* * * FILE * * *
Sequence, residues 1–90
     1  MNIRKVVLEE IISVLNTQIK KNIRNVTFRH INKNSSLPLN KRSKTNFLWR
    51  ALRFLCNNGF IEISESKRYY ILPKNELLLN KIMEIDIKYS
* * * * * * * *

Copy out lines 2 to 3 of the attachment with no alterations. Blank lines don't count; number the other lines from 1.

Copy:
     1  MNIRKVVLEE IISVLNTQIK KNIRNVTFRH INKNSSLPLN KRSKTNFLWR
    51  ALRFLCNNGF IEISESKRYY ILPKNELLLN KIMEIDIKYS